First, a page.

Blog > Winter in Stenbo

This winter I visited the family farm for Christmas in Stenbo, Sweden. Located only three degrees below the Arctic Circle, the farm gets about 5 hrs of daylight during this time of year.

Sunrise in the forest at Stenbo

We got up around 5:30 AM everyday to catch the sunrise, something I need to do more! The sunrise on this day was particularly spectacular, painting the sky with delicate yellow, pink, and blue shades that seemed quite unreal.

Around dawn, the moon would shine surprisingly bright and we were able to walk around the edge of the lake without flashlights before sunrise.

Despite its scarcity, the light in Stenbo was amazingly beautiful and gave the sky some exquisite colors! These skies made taking pictures an absolute blast! In addition to giving great lighting, the skies were vivid backdrops of color that stood in stark contrast to the gray snowy ground.

Over the first couple days, ice slowly grew on the lake, eventually being thick enough to walk and skate on! We used a special tool (a glorified stick tipped with a small blade) to cut small holes in the ice to measure the thickness. Despite this, the ice would often crack and shift beneath us as we skated with a deep crunching sound and high-pitched pinging noises as the cracks spread through the lake ice (see this video).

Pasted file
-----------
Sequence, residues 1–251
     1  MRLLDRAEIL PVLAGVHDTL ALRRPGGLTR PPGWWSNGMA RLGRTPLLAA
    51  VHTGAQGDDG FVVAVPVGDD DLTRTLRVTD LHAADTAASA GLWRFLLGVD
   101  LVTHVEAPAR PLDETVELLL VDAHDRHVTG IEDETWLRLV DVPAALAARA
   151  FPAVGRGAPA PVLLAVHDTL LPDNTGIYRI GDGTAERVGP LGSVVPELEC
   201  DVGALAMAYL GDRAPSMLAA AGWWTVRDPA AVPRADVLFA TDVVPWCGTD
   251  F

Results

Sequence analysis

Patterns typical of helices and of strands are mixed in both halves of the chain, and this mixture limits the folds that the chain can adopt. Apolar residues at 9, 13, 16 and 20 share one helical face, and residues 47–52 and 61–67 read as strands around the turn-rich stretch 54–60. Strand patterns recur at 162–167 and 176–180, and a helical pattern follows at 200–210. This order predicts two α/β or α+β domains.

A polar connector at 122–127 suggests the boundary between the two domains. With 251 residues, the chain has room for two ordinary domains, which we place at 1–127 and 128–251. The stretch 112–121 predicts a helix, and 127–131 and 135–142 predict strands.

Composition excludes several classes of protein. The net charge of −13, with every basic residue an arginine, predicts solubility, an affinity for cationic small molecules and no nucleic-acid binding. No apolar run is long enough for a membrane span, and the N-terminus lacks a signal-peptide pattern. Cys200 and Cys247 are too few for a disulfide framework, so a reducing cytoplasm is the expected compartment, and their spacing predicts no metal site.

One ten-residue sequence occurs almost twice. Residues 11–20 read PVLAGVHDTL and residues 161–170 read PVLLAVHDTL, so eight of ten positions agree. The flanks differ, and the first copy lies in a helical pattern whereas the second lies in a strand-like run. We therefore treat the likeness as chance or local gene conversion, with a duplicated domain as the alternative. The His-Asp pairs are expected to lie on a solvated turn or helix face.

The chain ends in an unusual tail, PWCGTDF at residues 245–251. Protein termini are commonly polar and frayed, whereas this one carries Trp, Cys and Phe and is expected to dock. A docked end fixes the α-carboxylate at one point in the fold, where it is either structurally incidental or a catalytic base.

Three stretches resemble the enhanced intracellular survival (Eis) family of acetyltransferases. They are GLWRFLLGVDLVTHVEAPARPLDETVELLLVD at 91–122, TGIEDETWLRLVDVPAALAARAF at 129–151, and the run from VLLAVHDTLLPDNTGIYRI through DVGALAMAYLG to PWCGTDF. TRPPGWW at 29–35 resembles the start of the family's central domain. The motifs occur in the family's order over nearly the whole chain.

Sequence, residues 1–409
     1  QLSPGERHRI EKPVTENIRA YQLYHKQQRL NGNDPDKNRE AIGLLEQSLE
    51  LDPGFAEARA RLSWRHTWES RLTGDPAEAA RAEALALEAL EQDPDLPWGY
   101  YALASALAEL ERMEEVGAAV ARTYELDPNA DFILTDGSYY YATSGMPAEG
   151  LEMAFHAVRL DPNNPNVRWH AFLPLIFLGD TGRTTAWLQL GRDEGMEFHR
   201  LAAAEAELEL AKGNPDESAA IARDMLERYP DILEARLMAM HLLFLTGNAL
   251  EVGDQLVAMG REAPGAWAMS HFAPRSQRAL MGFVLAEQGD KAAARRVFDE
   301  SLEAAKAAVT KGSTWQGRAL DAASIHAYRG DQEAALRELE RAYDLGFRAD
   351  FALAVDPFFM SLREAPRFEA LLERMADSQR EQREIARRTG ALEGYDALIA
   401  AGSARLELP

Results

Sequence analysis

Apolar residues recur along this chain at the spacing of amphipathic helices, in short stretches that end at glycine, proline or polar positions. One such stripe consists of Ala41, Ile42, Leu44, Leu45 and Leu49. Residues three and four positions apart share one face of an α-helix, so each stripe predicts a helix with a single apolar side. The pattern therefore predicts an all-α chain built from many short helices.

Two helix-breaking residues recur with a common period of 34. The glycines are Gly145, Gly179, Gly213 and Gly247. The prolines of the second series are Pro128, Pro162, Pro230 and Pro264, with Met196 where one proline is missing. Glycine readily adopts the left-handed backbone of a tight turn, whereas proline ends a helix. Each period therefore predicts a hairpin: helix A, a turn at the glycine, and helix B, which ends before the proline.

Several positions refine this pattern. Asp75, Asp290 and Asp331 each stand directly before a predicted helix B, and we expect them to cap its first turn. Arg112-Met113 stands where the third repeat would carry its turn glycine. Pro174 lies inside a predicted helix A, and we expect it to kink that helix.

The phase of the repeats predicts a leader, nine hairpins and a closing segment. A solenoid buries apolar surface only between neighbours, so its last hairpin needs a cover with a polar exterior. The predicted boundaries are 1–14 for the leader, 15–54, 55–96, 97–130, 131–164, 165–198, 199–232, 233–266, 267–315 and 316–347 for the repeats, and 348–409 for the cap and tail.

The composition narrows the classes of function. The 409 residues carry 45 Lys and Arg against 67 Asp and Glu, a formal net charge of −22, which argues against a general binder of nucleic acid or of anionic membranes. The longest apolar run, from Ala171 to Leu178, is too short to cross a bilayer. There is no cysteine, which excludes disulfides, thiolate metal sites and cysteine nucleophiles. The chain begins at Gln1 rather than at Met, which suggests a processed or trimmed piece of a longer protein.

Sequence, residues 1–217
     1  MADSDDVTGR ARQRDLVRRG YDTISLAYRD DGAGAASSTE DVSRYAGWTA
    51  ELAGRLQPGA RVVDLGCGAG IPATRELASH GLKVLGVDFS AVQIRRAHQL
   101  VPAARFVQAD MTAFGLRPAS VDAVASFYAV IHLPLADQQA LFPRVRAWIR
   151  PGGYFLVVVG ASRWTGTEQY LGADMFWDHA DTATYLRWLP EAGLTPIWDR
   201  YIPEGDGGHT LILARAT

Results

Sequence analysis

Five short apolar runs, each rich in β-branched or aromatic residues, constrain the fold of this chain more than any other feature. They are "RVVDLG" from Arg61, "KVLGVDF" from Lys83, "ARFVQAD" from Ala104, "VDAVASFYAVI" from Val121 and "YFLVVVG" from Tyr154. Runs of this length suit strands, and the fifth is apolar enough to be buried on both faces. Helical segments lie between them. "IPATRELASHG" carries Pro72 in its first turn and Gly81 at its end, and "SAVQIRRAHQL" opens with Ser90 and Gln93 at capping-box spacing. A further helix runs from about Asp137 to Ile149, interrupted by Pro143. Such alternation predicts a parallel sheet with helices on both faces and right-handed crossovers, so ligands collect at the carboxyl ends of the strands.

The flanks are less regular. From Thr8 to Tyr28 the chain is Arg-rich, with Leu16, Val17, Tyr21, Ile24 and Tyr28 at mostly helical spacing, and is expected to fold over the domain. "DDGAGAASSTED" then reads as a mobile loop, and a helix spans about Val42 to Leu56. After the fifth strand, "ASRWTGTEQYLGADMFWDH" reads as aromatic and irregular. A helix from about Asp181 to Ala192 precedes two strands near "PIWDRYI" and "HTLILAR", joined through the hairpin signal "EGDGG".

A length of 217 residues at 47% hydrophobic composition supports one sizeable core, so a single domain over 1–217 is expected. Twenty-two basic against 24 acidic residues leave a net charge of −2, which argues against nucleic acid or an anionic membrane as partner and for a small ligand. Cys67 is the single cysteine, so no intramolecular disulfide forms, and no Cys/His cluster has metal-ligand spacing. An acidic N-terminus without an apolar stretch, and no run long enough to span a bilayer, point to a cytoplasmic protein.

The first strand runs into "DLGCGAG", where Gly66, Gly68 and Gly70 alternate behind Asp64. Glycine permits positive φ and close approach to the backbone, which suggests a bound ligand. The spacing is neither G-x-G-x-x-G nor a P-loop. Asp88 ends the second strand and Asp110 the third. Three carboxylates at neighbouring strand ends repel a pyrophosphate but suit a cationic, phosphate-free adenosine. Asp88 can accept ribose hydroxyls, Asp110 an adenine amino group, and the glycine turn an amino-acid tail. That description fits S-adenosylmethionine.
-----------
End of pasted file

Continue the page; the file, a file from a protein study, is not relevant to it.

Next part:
When we got tired from skating around the lake, we decided to try and build an ice igloo. Equipped with only a small hand axe and a weird ice tool, the process of cutting lake ice, dragging it out, cutting it into smaller “bricks”, assembling the igloo, and letting it freeze back together took us about 2 days. If you do this, bring a saw (and some ice tongs)!

When we weren’t skating and there was still sunlight, we went on a couple walks through the forest. This was taken right before my dad fell through the ice (oops)!

We also visited some of the abandoned cabins in the forest. Spooky! This one was almost completely overgrown, with its roof caved in on one side and only a few traces of its last inhabitants.

Saying goodbye to farfar

At the end of our trip, it came time to say goodbye to my grandpa Åke. It’s remarkable how refreshing it can be to live like him, on a relatively remote farm in the middle of northern Sweden, and a good reminder of how little you need to be truly happy!

Carl Olsson

Engineer, musician, and lifelong learner. Loves building things